By Stephanie Kelly
NEW YORK, Sept 12 (Reuters) - U.S. crude oil production is forecast to rise more than previously thought in 2023, while global oil inventories are expected to fall, after Saudi Arabia extended output cuts this month, the Energy Information Administration said on Tuesday.
U.S. crude output is due to rise by 870,000 barrels per day in 2023 to 12.78 million barrels, up from a forecast from last month of an 850,000 bpd increase. In 2024 oil output is expected to rise by 380,000 bpd to 13.16 million bpd.
Global oil stockpiles are forecast to fall by 200,000 bpd in the fourth quarter of 2023, the EIA said, after Saudi Arabia said it would continue its voluntary crude oil production cut of 1 million bpd through the end of this year. Previously, the voluntary cut was set to expire at the end of September.
The decline in inventories should increase the price of the international benchmark Brent contract to an average of $93 per barrel during the fourth quarter, up from the $86 per barrel average in August, the EIA said.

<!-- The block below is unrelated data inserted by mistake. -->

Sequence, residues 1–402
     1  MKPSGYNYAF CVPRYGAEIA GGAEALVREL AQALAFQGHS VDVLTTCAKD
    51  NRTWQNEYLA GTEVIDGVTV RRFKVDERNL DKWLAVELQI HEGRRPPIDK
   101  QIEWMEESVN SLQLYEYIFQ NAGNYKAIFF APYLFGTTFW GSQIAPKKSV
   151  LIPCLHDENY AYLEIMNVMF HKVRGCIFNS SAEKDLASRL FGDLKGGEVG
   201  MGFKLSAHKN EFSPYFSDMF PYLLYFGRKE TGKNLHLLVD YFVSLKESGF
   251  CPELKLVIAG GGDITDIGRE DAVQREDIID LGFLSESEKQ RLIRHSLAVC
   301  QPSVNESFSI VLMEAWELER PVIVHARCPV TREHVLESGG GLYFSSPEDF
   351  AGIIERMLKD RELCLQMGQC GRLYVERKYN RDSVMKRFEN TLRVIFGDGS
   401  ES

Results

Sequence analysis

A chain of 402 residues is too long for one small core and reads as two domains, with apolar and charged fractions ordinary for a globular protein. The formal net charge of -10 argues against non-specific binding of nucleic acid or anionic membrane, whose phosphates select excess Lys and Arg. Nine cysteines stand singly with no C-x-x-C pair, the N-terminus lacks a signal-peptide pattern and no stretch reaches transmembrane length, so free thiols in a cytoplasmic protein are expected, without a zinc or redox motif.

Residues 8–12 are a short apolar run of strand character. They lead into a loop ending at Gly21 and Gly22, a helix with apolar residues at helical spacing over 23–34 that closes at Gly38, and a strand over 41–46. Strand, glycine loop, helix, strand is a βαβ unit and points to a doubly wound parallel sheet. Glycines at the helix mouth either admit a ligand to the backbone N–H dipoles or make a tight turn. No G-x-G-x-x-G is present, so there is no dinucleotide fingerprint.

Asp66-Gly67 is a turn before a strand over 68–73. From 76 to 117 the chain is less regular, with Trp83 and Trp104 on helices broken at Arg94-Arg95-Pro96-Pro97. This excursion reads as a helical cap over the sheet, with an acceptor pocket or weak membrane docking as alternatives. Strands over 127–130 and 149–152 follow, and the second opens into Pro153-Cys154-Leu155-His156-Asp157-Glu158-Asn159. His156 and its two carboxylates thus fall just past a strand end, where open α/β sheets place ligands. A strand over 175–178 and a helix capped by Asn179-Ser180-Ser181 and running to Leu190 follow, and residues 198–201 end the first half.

The Brent price is expected to ease to an average of $87 per barrel by the second half of 2024 as inventories rise, it added.
On the demand side, U.S. total petroleum consumption is expected to rise by 100,000 bpd to 20.1 million bpd in 2023, less than previously forecast, the EIA said. In 2024, consumption is forecast to rise by 200,000 bpd to 20.3 million bpd.
The EIA reduced its forecast for U.S. gasoline consumption in 2024 by 200,000 bpd to 8.7 million bpd. The decrease came after the U.S. Census Bureau revised its population estimates for the United States to include fewer people of working age and more people of retirement age, who tend to drive less, the EIA said.
Meanwhile, U.S. natural gas consumption is forecast to average a record 80.5 billion cubic feet per day in September, an increase of 5% from the same time last year. The increase follows elevated natural gas-fired electricity generation from strong U.S. air-conditioning demand, as well as reduced generation from coal-fired plants, the EIA said.
(Reporting by Stephanie Kelly, additional reporting by Laura Sanicola; editing by Deepa Babington and Nick Zieminski)
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